The listener might not hear it in the lush tones of her newest record 1000 Lives (to be released on Tuesday, Feb. 5) but then again, maybe they will. From the opening moments of the album’s first track “My Ship, My Crown,” Gatin takes her audience on an indie-folk journey of sorts, employing a laundry list of instrumentation including piano, accordion and more, anchoring it all with her passionate, soulful voice.
Since the release of her 2009 debut effort Broken Tambourine, Gatin has called Sackville and Montreal home on a temporary basis while continuing to maintain her Winnipeg home as well. Gatin was an artist in residence at Struts Gallery in Sackville during three months at the outset of 2012.
Gatin will perform at Plan B on St. George Street in Moncton on Thursday, Feb. 7.
When asked why she is calling Montreal home for the time being, Gatin says she has a fondness for the city. While she is quick to avow that she loves her hometown of Winnipeg, the new venues, experiences and possibilities that greet her in Montreal were simply too good to pass up.
“Being in a city like Montreal is lovely because it has so much to offer. Winnipeg is really great; you can see a great art or music show almost any night of the week. I’ve played every venue in Winnipeg though. I simply arrived at a point in my career where basing myself out of Montreal and having the opportunity to get to know the venues and the people in the city while building my audience makes most sense.”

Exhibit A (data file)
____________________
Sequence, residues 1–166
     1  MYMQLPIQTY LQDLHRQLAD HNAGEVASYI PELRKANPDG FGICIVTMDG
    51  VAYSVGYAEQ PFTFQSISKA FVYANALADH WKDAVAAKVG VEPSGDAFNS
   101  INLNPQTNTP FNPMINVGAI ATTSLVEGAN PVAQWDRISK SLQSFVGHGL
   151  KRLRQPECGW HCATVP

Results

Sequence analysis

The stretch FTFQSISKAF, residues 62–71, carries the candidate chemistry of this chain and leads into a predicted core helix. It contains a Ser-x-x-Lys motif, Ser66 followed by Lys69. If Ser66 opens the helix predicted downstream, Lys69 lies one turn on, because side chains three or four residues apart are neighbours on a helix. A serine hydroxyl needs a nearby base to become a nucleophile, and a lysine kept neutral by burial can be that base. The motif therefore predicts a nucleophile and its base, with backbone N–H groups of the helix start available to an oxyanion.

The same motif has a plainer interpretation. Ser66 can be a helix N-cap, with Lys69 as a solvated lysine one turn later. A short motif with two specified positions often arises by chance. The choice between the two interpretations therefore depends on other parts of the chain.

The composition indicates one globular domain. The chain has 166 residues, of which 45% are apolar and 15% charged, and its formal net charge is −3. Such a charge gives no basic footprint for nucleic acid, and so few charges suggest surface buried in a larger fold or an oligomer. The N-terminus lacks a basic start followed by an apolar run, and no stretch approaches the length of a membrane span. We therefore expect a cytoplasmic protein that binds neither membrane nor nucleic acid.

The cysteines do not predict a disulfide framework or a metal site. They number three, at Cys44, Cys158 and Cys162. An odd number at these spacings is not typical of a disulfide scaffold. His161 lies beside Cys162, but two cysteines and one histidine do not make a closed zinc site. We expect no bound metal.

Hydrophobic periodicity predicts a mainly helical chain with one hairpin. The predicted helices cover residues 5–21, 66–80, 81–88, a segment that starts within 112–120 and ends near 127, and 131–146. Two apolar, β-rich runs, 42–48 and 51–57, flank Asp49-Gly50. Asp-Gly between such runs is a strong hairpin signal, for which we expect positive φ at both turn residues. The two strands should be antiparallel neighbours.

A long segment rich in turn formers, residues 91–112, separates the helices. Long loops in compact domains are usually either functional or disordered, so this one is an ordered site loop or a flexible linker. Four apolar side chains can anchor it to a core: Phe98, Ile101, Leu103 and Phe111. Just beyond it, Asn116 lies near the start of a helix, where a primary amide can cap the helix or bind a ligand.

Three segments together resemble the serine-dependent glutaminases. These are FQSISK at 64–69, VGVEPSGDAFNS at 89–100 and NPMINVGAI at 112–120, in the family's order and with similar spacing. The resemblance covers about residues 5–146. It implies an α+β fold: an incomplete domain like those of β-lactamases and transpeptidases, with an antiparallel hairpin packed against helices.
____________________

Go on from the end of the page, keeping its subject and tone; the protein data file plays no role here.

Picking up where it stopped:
Gatin and producer Howard Bilerman (Arcade Fire) began recording 1000 Lives in Manitoba before heading across country to Montreal to complete the record. The inspiration that Gatin draws from immersing herself in these new communities is inevitably bound to come out in her music.
“I absolutely love people and find that meeting people and being in new communities to be rather inspiring,” she says. “I like to make myself a part of these communities and really get a glimpse of what is going on right across the country.
“I am the type of person that has to be writing all of the time rather than being faced with all this pressure to come up with a batch of songs. As much as I love to travel, I have to also have the freedom to be able to go to a piano when I need to work out a song. I love to be in the circumstance of letting new music flow naturally. When I was 19 and 20 years old, I would thrive off the pressure of needing to write. It took me a few years to realize that personal happiness was important to me and that I am better off to create as I go.”
Article published in the February 1, 2013 edition of the Times & Transcript